For women who suffer the devastation of an infant loss during pregnancy, emotions can run the gamut. They may feel guilty, angry or even relieved. No matter the feeling, expressing those emotions plays a big role in adapting to life after such a tragic event.
Sadly, infant loss is more common than most people think. Miscarriage, the loss of a baby anytime before the 20th week of pregnancy, occurs in 10 to 15 percent of all pregnancies, according to the Centers for Disease Control and Prevention. Stillbirth, the loss of a baby anytime after the 20th week, occurs in 1 out of every 100 pregnancies, with an estimated 24,000 stillbirths nationwide each year.
No matter the type of infant loss, health care providers want women to know this fact: It’s not their fault.
“Most infant losses are due to genetic problems with the fetus or the potential baby,” said Dr. Stacey Milunic, a family medicine physician who provides prenatal care and delivers babies at Penn State Health Milton S. Hershey Medical Center. “They don’t happen because a woman lifted something too heavy, traveled too far, worried too much or did anything wrong.”
While each woman experiences emotions differently after an infant loss, most will spend the first few weeks trying to come to grips with the fact that it occurred at all.
“It’s common for women to feel like their entire world has crumbled around them for the first few weeks and months,” said Megan Youtz, a clinical counselor with the Hummingbird Program, which offers palliative and supportive care at Penn State Children’s Hospital.
Other feelings may vary based on a woman’s personal pregnancy journey, including factors such as how long she tried to become pregnant, how far along her pregnancy was and what kind of support she has at home.
Providers at the Milton S. Hershey Medical Center take many approaches to help support women and families following infant loss. “We ask open-ended questions – How are you feeling? How are you doing day to day? – to truly understand a woman’s emotions at each stage of her journey,” said Dr. Sarah Horvath, an obstetrician/gynecologist at Hershey Medical Center.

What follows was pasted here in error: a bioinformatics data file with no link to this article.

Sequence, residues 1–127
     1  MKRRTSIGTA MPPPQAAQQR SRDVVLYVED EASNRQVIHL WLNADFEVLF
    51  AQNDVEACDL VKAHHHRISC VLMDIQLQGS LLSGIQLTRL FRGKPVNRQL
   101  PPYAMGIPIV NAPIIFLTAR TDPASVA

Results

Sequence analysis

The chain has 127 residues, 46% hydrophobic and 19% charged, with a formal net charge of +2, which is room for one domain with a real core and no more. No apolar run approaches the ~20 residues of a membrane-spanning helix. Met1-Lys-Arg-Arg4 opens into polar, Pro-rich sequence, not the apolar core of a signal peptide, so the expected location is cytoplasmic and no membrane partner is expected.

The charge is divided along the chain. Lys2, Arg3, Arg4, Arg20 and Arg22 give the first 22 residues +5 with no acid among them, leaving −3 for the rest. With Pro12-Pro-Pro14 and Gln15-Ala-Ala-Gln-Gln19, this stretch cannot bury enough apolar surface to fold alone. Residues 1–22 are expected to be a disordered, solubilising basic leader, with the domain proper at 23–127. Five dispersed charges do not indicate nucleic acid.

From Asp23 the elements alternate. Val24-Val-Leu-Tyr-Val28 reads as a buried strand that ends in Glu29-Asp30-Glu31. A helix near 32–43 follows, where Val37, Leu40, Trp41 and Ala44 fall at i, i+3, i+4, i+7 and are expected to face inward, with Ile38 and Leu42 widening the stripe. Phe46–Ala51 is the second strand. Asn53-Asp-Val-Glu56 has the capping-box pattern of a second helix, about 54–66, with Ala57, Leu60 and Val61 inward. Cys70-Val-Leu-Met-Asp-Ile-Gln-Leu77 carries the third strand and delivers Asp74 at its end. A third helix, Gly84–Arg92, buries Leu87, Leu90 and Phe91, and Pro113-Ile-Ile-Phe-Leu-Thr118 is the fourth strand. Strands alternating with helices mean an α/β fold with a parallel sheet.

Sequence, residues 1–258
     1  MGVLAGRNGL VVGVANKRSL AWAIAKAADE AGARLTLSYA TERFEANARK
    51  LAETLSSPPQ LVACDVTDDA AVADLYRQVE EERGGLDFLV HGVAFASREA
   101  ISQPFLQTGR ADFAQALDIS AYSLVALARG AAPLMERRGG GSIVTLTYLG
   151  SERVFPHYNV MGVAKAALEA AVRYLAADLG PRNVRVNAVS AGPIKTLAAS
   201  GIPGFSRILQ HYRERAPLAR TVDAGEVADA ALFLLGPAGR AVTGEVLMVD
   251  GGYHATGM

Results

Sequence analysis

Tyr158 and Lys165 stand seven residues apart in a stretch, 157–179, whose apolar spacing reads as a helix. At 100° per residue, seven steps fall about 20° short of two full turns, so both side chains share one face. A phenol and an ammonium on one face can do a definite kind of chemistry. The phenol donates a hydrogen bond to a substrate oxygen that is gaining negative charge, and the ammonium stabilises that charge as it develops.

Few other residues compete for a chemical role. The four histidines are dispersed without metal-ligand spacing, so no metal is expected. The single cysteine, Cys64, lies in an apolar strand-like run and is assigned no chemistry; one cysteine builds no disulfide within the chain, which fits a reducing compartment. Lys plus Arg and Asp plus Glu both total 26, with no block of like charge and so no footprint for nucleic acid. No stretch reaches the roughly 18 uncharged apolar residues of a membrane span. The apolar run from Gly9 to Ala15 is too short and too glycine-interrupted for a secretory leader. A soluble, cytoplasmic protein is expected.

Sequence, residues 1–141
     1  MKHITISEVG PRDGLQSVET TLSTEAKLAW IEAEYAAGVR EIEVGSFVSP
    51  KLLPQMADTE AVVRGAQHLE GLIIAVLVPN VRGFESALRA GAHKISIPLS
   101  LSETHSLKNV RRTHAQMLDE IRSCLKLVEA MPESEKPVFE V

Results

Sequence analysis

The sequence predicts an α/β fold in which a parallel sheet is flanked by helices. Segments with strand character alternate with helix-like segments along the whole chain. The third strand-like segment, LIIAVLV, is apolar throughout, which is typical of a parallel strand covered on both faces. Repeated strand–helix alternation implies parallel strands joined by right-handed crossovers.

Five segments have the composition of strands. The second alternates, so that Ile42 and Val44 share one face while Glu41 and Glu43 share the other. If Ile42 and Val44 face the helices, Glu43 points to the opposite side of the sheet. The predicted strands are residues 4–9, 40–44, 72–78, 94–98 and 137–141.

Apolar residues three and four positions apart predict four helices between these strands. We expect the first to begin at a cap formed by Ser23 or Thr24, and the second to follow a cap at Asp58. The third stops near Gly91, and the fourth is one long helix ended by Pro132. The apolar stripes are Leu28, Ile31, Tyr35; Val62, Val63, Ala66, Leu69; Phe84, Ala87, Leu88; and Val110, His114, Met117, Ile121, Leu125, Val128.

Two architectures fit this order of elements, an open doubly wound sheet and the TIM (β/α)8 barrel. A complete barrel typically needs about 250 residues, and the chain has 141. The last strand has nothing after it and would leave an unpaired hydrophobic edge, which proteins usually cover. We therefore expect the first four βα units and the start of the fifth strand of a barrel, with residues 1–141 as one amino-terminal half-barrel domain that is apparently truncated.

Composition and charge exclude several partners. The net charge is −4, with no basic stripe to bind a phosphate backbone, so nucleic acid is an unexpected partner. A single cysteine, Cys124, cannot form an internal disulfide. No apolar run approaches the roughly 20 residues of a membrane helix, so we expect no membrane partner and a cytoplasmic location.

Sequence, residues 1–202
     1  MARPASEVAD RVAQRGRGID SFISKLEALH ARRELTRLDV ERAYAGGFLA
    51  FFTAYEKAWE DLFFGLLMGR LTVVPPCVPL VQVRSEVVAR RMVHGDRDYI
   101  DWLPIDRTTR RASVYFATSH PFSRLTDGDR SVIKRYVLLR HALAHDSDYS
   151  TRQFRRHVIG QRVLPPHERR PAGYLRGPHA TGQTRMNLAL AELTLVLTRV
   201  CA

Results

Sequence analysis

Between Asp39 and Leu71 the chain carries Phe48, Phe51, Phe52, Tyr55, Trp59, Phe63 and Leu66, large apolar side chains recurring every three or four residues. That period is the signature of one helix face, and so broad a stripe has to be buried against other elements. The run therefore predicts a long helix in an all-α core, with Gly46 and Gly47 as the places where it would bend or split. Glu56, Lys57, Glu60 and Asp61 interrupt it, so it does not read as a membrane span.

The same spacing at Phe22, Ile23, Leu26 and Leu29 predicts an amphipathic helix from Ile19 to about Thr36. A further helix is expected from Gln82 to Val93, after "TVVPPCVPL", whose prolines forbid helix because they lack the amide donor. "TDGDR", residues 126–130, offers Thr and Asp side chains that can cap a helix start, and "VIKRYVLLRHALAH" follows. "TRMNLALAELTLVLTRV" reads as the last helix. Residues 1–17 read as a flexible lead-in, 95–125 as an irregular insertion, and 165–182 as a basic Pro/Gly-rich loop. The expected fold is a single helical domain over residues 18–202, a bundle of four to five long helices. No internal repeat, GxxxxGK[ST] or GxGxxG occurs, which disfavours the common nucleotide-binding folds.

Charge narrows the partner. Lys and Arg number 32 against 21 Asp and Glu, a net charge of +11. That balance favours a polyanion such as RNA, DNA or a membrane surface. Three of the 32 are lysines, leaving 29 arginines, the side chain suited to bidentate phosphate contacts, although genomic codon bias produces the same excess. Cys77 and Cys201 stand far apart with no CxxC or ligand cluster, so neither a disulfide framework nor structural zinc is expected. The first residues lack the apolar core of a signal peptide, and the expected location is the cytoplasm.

For some women, a ceremony can help provide comfort amid grief. The Medical Center partners with Sweet Grace Ministries in Chambersburg, Pa. The group provides baskets with keepsakes, such as a mold of the baby’s footprints, to women who suffer infant loss closer to their due date. For stillborn children, Medical Center staff maintain a sacred space where parents can give their baby a bath, get them dressed and say goodbye in person.
Providers also help women find local support groups. “Connecting with other people who can identify a similar emotional experience may help ease the pain,” Youtz said.
Confiding in your spouse or partner can help, too. But women should understand that their partners’ emotions may differ from their own. “Partners try hard to be stoic and sometimes neglect to take care of their own emotional needs, so they may need some help, too,” Horvath said.
Another concern: How to talk about infant loss with other children in the family. Younger children may be comfortable with very basic information, but older children likely will ask more sophisticated questions that require an age-appropriate answer.
The emotions surrounding infant loss will continue to arise throughout the rest of a woman’s life, especially at milestones such as a child’s conception date or anticipated birthday. “Women should allow themselves grace and the space to process their emotions,” Youtz said. “This is a journey and it takes time.”
The Medical Minute is a weekly health news feature produced by Penn State Health. Articles feature the expertise of faculty, physicians and staff, and are designed to offer timely, relevant health information of interest to a broad audience.